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Certain Books Of Virgil's AEneis: Book II

BOOK II

They whisted all, with fixed face attent,
When Prince AEneas from the royal seat
Thus gan to speak: O Queen, it is thy will
I should renew a woe cannot be told,
How that the Greeks did spoil and overthrow
The Phrygian wealth and wailful realm of Troy;
Those ruthful things that I myself beheld,
And whereof no small part fell to my share;
Which to express, who could refrain from tears?
What Myrmidon? or yet what Dolopes?
What stern Ulysses' waged soldier?
And lo! moist night now from the welkin falls,
And stars declining counsel us to rest.
But since so great is thy delight to hear
Of our mishaps and Troy last decay,
Though to record the same my mind abhors
And plaint eschews, yet thus will I begin.

The Greek chieftains, all irk'd with the war,
Wherein they wasted had so many years,
And oft repuls'd by fatal destiny,
A huge horse made, high raised like a hill,
By the divine science of Minerva,-
Of cloven fir compacted were his ribs,-
For their return a feigned sacrifice,-
The fame whereof so wander'd it at point.
In the dark bulk they clos'd bodies of men,
Chosen by lot, and did enstuff by stealth
The hollow womb with armed soldiers.

There stands in sight an isle hight Tenedon,
Rich and of fame while Priam's kingdom stood,
Now but a bay and road unsure for ship.
Hither them secretly the Greeks withdrew,
Shrouding themselves under the desert shore;
And weening we they had been fled and gone,
And with that wind had fet the land of Greece,
Troy{:e} discharg'd her long continued dole.
The gates cast up, we issued out to play,
The Greekish camp desirous to behold,
The places void and the forsaken coasts.
Here Pyrrhus' band, there fierce Achilles', pight;
Here rode their ships, there did their battles join.
Astonied some the scathful gift beheld,
Behight by vow unto the chaste Minerve,
All wond'ring at the hugeness of the horse.
And first of all Tim?tes gan advise
Within the walls to lead and draw the same,
And place it eke amid the palace court,-
Whether of guile, or Troyes fate it would.
Capys, with some of judgment more discreet,
Will'd it to drown, or underset with flame,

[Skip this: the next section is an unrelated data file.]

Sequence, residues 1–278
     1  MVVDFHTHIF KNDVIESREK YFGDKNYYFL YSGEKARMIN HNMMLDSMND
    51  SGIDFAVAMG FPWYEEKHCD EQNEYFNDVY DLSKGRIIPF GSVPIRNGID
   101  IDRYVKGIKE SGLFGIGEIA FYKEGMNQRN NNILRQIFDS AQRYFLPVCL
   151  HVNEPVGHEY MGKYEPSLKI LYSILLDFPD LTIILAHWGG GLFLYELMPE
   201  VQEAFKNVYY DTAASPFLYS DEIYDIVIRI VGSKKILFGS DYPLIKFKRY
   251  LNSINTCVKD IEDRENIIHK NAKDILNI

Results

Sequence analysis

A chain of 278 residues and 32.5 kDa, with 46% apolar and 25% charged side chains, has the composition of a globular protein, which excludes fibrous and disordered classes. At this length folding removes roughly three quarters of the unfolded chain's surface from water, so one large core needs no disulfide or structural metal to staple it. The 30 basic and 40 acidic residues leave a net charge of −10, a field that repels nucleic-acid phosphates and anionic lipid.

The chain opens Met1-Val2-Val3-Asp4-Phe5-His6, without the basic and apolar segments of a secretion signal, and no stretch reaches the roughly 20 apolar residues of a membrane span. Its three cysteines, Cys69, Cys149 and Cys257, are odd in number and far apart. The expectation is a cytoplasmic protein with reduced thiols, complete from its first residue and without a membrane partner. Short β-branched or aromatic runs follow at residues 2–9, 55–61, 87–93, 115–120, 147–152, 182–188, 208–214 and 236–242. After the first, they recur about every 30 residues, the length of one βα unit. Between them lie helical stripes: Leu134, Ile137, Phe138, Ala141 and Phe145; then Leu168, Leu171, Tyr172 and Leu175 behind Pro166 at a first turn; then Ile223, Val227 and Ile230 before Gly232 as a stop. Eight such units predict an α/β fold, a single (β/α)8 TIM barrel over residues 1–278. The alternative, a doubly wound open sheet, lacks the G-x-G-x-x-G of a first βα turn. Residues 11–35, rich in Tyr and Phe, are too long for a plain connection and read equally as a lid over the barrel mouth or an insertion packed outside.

The suspect present of the Greek's deceit,
Or bore and gauge the hollow caves uncouth;
So diverse ran the giddy people's mind.

Lo! foremost of a rout that follow'd him,
Kindled La?n hasted from the tower,
Crying far off: 'O wretched citizens,
What so great kind of frenzy fretteth you?
Deem ye the Greeks, our enemies, to be gone?
Or any Greekish gifts can you suppose
Devoid of guile? Is so Ulysses known?
Either the Greeks are in this timber hid,
Or this an engine is to annoy our walls,
To view our towers, and overwhelm our town.
Here lurks some craft. Good Troyans, give no trust
Unto this horse, for, whatsoever it be,
I dread the Greeks, yea, when they offer gifts.'

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Submitted on May 13, 2011

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Henry Howard

Henry Howard, Earl of Surrey, KG, (courtesy title), was an English nobleman, politician and poet. He was one of the founders of English Renaissance poetry and the last known execution by King Henry VIII. He was a first cousin of both Queen Anne Boleyn and Queen Catherine Howard, second and fifth wives of King Henry VIII. His name is usually associated in literature with that of Wyatt, who was the older poet of the two. He was the son of Thomas Howard, Earl of Surrey and when his father became Duke of Norfolk (1524) the son adopted the courtesy title of Earl of Surrey. Owing largely to the powerful position of his father, Surrey took a prominent part in the Court life of the time, and served as a soldier both in France and Scotland. He was a man of reckless temper, which involved him in many quarrels, and finally brought upon him the wrath of the aging and embittered Henry VIII. He was arrested, tried for treason and beheaded on Tower Hill. more…

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